SEOUL (Reuters) – South Korea’s Hanjin Shipping Co Ltd, whose collapse has disrupted global trade, is considering a restructuring plan to sell more than half its ships, the Wall Street Journal reported on Friday, citing people familiar with the matter.
However, liquidation remained the most likely outcome for Hanjin Shipping, the newspaper cited the sources as saying.
Hanjin Shipping, the world’s seventh-largest container carrier, filed for receivership late last month in a South Korean court and must submit a rehabilitation plan in December.
The company is working on various scenarios and focusing on one under which Hanjin would retain up to 15 of its 37 ships and return almost all of its 61 chartered ships to their owners, leaving a much smaller carrier, the Wall Street Journal said.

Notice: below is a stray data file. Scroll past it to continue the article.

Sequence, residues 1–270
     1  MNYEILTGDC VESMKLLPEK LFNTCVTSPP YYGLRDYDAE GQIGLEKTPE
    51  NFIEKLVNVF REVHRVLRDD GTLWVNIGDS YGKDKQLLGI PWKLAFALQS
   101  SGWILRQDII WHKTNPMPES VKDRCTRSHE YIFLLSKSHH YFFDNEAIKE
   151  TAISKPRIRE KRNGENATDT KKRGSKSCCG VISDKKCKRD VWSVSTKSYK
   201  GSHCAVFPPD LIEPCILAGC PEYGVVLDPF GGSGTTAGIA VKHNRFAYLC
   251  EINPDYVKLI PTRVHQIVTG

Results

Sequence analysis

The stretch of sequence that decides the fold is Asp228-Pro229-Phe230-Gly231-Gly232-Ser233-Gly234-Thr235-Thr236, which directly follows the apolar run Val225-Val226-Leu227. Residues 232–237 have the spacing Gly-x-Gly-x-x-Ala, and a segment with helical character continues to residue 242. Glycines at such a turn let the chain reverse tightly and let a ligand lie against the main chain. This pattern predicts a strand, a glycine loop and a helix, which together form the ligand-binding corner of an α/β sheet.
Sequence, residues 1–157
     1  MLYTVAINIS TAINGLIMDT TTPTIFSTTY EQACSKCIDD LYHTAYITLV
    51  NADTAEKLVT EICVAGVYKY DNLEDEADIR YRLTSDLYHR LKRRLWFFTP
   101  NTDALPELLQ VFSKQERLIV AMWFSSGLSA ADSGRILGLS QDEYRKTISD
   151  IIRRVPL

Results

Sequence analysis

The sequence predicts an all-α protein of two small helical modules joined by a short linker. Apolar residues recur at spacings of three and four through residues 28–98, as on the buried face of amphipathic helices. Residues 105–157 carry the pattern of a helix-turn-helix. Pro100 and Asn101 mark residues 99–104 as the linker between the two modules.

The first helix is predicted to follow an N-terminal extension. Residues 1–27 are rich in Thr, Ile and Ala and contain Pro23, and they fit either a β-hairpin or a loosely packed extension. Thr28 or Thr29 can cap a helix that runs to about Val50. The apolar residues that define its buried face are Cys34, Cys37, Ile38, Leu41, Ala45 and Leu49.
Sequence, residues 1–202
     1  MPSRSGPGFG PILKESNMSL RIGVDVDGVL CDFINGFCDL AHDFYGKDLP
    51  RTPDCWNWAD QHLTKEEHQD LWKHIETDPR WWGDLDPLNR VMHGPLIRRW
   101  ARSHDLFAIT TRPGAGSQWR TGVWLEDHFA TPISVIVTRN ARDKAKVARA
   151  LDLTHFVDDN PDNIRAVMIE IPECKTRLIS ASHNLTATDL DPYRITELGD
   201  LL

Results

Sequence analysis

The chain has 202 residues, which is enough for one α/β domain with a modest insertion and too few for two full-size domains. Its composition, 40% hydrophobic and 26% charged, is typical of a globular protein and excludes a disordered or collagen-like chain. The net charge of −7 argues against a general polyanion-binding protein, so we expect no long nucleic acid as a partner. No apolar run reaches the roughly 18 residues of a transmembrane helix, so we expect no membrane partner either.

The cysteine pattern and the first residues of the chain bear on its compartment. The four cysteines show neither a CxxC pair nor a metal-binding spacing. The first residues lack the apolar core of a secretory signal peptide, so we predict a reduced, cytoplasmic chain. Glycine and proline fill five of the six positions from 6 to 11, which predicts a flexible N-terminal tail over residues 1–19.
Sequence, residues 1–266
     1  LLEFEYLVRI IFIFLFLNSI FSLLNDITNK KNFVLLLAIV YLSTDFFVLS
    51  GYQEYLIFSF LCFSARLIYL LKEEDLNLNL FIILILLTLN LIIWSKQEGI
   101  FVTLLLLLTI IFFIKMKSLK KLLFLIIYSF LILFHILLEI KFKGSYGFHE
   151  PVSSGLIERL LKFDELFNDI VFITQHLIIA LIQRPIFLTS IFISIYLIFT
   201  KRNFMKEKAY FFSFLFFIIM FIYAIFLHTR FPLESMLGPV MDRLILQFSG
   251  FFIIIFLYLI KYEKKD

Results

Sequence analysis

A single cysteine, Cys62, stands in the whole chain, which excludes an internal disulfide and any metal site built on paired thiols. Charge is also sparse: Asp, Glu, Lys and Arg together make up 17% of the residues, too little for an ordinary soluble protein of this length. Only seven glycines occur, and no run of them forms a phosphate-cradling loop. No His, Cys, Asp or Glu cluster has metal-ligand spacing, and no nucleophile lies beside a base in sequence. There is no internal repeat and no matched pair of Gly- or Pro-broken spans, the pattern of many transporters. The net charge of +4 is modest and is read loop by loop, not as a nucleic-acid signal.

A Hanjin Shipping spokeswoman declined to comment to Reuters on any restructuring scenarios, adding that a court ruling on its plan was months away.
With debt of about 6 trillion won ($5.33 billion) at the end of June and the South Korean government’s unwillingness to mount a rescue, expectations are low that Hanjin Shipping will be able to survive.
($1 = 1,125.0500 won)
(Reporting by Joyce Lee; Writing by Tony Munroe; Editing by Robert Birsel)